Researchers have demonstrated the "alpha-synuclein dance" – the switching back and forth of the protein between a bent helix and an extended helix as the surface that it is binding to changes.
Such shape shifting has rarely been so directly observed in proteins like alpha-synuclein, which are known to be unfolded in isolation, says the study's senior investigator Ashok Deniz, an associate professor at The Scripps Research Institute.
"We are intrigued to see such complex behavior," he says. "It is interesting that with just a single binding partner, the protein can undergo so many dramatic shape transitions, and that the whole process is reversible."
In the past, scientists believed that proteins, as directed by their genes, fold themselves into defined three-dimensional structures that dictate their function. But more recently, a class of proteins known as "intrinsically disordered proteins" have been identified, which are functional, despite the fact that they are often unfolded.
Alpha-synuclein is such a protein. Mutations in the gene that produces alpha-synuclein have been linked to early-onset Parkinson's disease, and in sporadic, common Parkinson's disease, the protein can accumulate into so-called Lewy bodies inside nerve cells. The protein is also found in the amyloid plaques in Alzheimer's disease, and in other forms of neurological disease.
To learn more about alpha-synuclein, the Scripps Research team decided to study the shape of single proteins. To do this, they used a technique they helped develop, which is known as single-molecule fluorescence resonance energy transfer (FRET), to look at how the protein folds when it binds to different molecules. This technique, which Deniz calls a "molecular ruler," measures light emitted from fluorescent dyes that are attached to amino acids in the protein. The measured light provides information about molecular distances, hence revealing the protein's shape. By observing shapes of individual proteins rather than averaging data over a large number of them, the team was able to better map and resolve shape complexity in the system.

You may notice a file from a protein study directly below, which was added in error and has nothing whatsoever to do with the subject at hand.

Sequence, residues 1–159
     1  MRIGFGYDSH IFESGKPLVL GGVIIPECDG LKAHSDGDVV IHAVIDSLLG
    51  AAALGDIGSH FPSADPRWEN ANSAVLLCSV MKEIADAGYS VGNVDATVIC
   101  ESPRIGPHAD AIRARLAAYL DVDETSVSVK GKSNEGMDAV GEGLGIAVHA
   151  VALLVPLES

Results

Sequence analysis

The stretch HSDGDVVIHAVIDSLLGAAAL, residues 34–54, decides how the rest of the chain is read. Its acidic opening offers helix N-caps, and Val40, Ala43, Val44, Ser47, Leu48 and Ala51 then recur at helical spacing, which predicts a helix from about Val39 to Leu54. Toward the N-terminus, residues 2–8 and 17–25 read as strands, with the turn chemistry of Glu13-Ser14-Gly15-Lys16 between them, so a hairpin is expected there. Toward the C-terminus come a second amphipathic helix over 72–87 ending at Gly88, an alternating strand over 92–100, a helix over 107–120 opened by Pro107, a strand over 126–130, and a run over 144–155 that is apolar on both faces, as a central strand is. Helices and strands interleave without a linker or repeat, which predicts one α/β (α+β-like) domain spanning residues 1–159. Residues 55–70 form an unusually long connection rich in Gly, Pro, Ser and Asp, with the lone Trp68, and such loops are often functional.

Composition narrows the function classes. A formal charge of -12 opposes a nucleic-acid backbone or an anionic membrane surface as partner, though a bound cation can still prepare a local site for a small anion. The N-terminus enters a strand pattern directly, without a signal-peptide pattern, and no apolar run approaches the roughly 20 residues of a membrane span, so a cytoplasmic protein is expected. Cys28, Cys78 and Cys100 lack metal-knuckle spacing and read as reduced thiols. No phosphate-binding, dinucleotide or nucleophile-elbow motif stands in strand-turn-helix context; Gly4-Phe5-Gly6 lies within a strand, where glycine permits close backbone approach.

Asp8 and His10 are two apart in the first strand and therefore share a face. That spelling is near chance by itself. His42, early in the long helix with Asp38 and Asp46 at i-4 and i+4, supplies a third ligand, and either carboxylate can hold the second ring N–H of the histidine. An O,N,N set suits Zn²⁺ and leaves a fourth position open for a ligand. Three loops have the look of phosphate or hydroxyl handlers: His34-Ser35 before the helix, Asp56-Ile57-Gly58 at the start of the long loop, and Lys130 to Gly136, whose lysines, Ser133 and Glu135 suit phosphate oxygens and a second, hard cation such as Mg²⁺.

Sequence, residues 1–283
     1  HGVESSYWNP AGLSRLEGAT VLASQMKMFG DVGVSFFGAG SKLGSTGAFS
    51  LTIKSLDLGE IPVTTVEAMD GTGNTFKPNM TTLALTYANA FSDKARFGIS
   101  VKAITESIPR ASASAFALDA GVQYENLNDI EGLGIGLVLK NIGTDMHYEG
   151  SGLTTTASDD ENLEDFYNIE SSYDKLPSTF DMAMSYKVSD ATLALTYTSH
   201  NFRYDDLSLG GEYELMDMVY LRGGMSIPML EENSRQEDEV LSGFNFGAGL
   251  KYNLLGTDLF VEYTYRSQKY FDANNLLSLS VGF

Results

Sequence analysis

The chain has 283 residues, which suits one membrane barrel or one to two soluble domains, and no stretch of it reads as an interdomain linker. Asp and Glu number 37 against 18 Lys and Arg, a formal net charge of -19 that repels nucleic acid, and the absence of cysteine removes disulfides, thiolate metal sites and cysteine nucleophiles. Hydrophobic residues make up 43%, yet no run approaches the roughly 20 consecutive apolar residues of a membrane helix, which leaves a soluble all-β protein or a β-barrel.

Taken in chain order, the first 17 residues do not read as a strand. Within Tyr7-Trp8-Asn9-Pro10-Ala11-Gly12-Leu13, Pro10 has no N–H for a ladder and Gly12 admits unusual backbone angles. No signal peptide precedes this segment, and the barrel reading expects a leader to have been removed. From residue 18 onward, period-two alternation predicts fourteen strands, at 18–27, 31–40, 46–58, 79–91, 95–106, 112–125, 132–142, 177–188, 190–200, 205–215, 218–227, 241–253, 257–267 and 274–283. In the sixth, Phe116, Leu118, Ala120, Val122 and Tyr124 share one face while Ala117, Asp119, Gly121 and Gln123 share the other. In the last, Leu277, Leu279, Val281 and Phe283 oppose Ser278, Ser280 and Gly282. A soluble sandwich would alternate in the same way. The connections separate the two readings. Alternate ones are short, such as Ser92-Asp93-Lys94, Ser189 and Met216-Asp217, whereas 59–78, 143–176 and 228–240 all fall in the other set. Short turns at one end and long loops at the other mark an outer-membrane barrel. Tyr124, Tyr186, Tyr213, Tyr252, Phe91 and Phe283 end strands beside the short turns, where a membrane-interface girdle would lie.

To coax the protein to change shapes, the researchers increased the concentration of a soapy solution that mimics the lipids found in different nerve cell membranes in the brain. Alpha-synuclein is known to bind to membranes on nerve cells, and lipids are a large component of those membranes.
At a low concentration, the "lipid" molecules remained separate but at higher concentration, small and then larger blobs of molecules form. The shape of the alpha-synuclein kept pace – the extended helix could latch onto lipid-mimics as monomers or in a large cylinder-shaped blob, whereas the bent helix wrapped itself around smaller lipid-mimic balls or could create formations with lipid-mimic monomers.
"Others have found the protein to be in a bent helix or in an extended helix, but what we are showing here directly is that the shape can actively change," Deniz says. "It starts off in an unfolded state, and as we increase the concentration of the lipid mimics, the protein reacts to what is in effect a different binding partner, even though it is the same small molecule at different concentrations. It switches back and forth into different states.
"This is perhaps the most complex protein folding-binding system that has been studied to date using single-molecule FRET," he says.
This ability of alpha-synuclein to be switched into alternative shapes could play a significant role in regulating formation of disease-related aggregates, as well as enabling its function. Hence, one next step for the research team is to figure out which form of alpha-synuclein may accelerate formation of the types of protein aggregates found in Alzheimer's disease plaque and in Parkinson's disease Lewy bodies. Using single-molecule methods to directly construct binding-folding maps (as in the current work) will be a critical component of this future effort, and also should be widely applicable to other intrinsically disordered or amyloid-forming proteins.
This work was supported by a grant from the National Institute of General Medical Sciences, National Institutes of Health (NIH), and postdoctoral fellowships from the NIH National Institute of Neurological Disorders and Stroke, the La Jolla Interfaces in Science (funded by the Burroughs Wellcome Fund), and the Alexander von Humboldt Foundation.
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